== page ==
Yve Colby - Junior, Fiber major

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Materials and Process

• Pencil
• Paper
• Compass
• Protractor
• Markers

Artist's Narrative

Beginning this assignment, I just began drawing freely on a sheet of paper with a compass, just to see what designs and patterns I began to see emerge. Once I found a pattern, I wanted to work with more, I measured out how far apart I would make each circle, then began to put down the circles in the right spots to form the pattern. I worked the same way with all the patterns that I made. I then began coloring in the patterns, pretty intuitively. I had a scrap piece of paper next to me, so I could see how different colors looked together before deciding that I wanted them in the pattern. I have always enjoyed coloring in patterns, so I guess that would be my only source of inspiration. I didn't look at any books or anything, I just started to draw and see what came of it. I did like working with the circle as my basis. It was interesting to me how many different patterns I could make using just a circle.

Teacher's Comment

This practicum exhibits many similarities to the conceptual layout of traditional carpets. It shows a field pattern that covers the plane, with surrounding border patterns that are linear. As in many carpets, both the field and borders show repeats and color symmetries. The field has parallel vertical axes and parallel horizontal axes, which intersect at right angles with the vertical axes. There is also a secondary grid. And the borders show symmetry-breaking particularly at the corners, where the horizontal border meets the vertical border.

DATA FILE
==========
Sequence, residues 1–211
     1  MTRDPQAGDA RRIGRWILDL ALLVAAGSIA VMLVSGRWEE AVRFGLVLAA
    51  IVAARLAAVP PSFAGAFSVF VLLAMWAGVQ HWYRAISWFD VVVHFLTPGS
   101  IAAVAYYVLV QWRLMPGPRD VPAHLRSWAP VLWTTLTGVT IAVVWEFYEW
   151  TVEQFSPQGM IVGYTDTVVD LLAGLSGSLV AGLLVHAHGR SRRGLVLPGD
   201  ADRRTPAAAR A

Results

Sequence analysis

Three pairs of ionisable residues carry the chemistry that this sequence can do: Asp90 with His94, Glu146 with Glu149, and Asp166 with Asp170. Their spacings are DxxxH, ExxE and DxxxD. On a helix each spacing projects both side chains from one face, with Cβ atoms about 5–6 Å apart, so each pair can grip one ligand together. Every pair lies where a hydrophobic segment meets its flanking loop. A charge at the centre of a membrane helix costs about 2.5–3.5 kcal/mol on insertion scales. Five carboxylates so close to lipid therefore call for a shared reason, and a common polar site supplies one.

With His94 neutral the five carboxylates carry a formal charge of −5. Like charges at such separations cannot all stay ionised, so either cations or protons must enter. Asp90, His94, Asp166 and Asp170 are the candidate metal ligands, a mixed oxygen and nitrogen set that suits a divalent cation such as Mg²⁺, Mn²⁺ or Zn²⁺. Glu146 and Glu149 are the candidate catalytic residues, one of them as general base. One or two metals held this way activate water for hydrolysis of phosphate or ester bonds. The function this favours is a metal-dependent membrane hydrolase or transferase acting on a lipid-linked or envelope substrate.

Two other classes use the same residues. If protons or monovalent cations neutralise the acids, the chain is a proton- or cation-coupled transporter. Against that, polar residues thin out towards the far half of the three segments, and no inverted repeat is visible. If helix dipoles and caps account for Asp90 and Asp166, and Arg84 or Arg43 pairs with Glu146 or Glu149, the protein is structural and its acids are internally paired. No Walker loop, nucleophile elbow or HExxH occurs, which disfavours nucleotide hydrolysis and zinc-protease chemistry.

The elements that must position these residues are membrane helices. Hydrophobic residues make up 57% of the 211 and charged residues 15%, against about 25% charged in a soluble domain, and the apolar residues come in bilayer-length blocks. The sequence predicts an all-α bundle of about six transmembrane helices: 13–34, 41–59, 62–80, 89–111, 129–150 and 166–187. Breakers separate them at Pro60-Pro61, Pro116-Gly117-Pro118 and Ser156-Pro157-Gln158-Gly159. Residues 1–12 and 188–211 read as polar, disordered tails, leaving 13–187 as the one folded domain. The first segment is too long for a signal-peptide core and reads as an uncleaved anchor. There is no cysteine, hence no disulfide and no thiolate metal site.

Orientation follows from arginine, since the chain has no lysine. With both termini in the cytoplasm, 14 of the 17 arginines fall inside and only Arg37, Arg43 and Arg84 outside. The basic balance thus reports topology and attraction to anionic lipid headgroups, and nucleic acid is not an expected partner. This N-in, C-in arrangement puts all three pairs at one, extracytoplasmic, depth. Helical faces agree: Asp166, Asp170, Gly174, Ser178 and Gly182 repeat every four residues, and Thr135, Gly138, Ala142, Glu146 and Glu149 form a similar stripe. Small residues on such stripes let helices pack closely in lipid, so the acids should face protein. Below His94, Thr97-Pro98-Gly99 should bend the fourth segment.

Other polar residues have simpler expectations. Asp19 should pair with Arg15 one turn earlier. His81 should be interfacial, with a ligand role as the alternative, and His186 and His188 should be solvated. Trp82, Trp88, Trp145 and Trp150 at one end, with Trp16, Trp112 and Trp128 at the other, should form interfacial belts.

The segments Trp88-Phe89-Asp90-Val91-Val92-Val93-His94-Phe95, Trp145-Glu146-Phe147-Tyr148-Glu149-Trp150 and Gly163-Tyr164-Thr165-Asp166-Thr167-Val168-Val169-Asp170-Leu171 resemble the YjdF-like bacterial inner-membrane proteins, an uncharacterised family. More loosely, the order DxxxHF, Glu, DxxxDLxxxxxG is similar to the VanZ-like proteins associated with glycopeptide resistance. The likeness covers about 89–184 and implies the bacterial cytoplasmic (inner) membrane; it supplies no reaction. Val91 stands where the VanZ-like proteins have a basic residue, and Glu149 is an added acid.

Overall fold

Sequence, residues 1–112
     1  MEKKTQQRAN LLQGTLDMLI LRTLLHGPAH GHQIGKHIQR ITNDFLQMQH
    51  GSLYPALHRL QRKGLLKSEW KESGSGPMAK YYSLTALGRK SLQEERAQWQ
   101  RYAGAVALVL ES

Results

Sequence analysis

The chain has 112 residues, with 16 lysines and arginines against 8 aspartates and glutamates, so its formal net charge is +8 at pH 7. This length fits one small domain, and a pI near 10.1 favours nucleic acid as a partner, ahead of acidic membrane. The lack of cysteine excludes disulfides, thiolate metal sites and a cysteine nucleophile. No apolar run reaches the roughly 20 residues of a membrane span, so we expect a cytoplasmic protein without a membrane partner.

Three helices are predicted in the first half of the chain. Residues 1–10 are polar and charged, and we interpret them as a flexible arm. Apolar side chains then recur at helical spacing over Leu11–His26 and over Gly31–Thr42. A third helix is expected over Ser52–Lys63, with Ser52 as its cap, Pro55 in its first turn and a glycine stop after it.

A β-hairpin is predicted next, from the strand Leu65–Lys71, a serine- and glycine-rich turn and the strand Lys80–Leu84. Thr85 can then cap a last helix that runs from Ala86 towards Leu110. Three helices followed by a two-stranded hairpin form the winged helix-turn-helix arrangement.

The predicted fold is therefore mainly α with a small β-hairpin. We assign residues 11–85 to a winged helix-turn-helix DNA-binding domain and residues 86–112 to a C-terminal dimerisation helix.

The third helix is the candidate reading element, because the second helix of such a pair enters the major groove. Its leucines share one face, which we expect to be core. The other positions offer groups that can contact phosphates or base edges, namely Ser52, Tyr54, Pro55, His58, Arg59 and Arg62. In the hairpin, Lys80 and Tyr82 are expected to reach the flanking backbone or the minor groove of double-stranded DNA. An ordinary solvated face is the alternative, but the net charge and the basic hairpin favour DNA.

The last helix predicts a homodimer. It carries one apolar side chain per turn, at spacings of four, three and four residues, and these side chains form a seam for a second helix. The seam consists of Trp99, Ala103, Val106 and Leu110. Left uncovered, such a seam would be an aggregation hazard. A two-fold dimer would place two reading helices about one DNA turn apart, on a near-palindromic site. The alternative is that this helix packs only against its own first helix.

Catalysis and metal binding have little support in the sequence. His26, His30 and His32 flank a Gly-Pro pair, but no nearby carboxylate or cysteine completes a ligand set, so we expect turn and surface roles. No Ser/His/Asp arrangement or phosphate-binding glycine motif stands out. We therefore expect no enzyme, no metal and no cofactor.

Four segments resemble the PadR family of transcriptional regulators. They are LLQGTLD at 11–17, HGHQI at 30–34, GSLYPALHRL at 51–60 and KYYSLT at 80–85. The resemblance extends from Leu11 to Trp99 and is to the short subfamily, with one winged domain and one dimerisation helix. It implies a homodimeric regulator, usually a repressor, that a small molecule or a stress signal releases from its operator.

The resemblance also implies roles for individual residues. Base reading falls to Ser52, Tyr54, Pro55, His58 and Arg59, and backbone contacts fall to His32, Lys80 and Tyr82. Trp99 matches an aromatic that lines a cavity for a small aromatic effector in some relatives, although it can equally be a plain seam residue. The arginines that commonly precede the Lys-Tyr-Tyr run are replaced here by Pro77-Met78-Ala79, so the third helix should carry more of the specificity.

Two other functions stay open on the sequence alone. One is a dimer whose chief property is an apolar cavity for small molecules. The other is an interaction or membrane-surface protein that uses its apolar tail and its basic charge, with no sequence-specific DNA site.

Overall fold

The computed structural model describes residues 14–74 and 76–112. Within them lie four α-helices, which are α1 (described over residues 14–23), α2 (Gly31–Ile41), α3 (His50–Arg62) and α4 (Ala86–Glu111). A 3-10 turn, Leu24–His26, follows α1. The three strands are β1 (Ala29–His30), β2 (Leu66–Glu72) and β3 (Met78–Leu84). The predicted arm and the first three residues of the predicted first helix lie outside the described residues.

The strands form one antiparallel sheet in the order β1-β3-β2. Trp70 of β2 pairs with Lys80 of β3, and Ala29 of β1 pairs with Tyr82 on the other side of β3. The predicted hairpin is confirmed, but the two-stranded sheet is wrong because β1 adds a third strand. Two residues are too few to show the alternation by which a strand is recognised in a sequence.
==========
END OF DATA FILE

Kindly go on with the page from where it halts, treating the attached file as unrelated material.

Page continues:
A critical difference, however (aside from technology and materials), is that the patterns of this practicum express intersections of arcs of circles, whereas carpet patterns are unitary, constructed knot by knot within the orthogonal grid created by the interlacing of warp (longitudinal yarns) and weft (transverse yarns).